“Sicko,” review by Susan Granger

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On the Granger Movie Gauge of 1 to 10, “Sicko” is a sensational 10. It’s not a perfect movie but it will make you think – and the conversations you’ll have afterwards are worth far more than the price of admission.

Why do we go to the movies? To be entertained and to be informed. Movies can capture America’s ethical or moral values of the moment, and movies can make us question who we are as individuals and what we are as a society.

That’s what docu-dramatist Michael Moore does – with “Roger & Me,” “Bowling for Columbine” and “Fahrenheit 9/11.” Now he’s taken aim at our corrupt health-care system, showing – albeit anecdotally – how the insurance industry and pharmaceutical companies have ‘bought’ Congress so they can continue to dictate governmental decisions about health care. It’s an incontrovertible indictment.

According to the World Health Organization, the United States is ranked 37th, far behind Canada, England, France and Cuba. These nations manage to care for their citizens at little or no cost to the individual patient. Taxes pay the medical bills – for everyone.

Michael Moore’s cinematic style is manipulative, often confrontational and brutally comic. Granted, his unsubtle irony is simplistic and his “hospital” vignettes are staged; they’d have to be. Perhaps the drugs an American patient buys in Havana for five cents, as opposed to $120 at home, are not FDA approved. And Moore’s voyeuristic visit to Guantanamo with 9/11 rescue workers is obviously a stunt. But the evidence of American profiteering is overwhelming.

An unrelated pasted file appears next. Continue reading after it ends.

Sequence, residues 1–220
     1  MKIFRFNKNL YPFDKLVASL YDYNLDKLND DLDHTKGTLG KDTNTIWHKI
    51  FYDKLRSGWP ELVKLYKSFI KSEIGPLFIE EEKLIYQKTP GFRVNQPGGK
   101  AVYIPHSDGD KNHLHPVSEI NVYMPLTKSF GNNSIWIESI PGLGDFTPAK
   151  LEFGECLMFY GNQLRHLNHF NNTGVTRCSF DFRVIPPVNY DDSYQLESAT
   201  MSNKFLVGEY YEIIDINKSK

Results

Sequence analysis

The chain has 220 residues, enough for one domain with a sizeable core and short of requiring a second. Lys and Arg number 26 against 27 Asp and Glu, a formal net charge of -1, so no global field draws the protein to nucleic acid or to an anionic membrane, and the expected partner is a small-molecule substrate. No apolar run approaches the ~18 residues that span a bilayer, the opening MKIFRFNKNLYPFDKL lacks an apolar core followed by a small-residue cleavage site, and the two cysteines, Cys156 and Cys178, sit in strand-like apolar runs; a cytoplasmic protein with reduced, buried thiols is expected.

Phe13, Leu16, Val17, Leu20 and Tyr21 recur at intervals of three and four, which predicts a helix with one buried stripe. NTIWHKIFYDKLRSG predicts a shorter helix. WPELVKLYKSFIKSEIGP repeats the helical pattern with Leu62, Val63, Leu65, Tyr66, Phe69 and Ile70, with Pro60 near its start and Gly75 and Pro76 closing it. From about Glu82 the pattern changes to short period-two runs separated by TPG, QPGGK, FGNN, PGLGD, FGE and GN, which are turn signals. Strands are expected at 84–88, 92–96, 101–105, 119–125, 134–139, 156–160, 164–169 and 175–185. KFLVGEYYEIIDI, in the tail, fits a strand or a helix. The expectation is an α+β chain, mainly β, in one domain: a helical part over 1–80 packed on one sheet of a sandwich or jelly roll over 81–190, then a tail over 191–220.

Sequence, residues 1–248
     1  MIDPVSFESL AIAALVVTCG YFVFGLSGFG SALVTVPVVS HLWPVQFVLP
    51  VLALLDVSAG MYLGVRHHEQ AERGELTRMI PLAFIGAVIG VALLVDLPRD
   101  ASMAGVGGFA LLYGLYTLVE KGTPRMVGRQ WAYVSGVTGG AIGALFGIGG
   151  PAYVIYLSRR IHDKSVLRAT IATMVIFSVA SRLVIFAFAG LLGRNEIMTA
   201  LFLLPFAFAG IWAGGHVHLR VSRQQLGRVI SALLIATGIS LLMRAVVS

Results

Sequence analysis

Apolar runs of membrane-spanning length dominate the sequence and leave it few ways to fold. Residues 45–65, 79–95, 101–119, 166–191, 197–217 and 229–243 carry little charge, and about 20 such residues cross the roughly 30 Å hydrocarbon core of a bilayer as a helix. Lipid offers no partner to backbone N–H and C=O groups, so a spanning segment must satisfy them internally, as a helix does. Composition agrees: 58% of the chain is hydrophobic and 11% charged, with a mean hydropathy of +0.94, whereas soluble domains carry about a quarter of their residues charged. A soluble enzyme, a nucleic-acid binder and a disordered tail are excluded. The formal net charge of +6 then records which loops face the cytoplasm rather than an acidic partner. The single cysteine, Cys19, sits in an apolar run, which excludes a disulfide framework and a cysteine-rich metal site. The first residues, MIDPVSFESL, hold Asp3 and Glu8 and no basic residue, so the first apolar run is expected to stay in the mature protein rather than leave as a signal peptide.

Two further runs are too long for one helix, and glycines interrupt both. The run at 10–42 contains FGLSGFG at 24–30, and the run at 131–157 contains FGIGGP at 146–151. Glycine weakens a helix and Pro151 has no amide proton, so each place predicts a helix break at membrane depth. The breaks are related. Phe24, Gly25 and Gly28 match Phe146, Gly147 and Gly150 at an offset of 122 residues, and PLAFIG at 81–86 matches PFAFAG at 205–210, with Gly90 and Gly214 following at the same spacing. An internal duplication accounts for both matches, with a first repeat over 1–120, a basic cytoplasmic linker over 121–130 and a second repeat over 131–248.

Moore poses the question: why do we gratefully accept the aid of our police and fire departments – which are government funded – yet become alarmed at the concept of “socialized medicine”? Isn’t taking care of ourselves the essence of “democracy”?

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Susan Granger

Susan Granger

Susan Granger is a product of Hollywood. Her natural father, S. Sylvan Simon, was a director and producer at R.K.O., M.G.M. and Columbia Pictures; her adoptive father, Armand Deutsch, produced movies at M.G.M. As a child, Susan appeared in movies with Abbott & Costello, Red Skelton, Lucille Ball, Margaret O'Brien and Lassie. She attended Mills College in California, studying journalism with Pierre Salinger, and graduated from the University of Pennsylvania, Phi Beta Kappa, with highest honors in journalism. During her adult life, Susan has been on radio and television as an anchorwoman and movie/drama critic. Her newspaper reviews have been syndicated around the world, and she has appeared on American Movie Classics cable television. In addition, her celebrity interviews and articles have been published in REDBOOK, PLAYBOY, FAMILY CIRCLE, COSMOPOLITAN, WORKING WOMAN and THE NEW YORK TIMES, as well as in PARIS MATCH, ELLE, HELLO, CARIBBEAN WORLD, ISLAND LIFE, MACO DESTINATIONS, NEWS LIMITED NEWSPAPERS (Australia), UK DAILY MAIL, UK SUNDAY MIRROR, DS (France), LA REPUBBLICA (Italy), BUNTE (Germany), VIP TRAVELLER (Krisworld) and many other international publications through SSG Syndicate. Susan also lectures on the "Magic and Mythology of Hollywood" and "Don't Take It Personally: Conquering Criticism and other Survival Skills," originally published on tape by Dove Audio.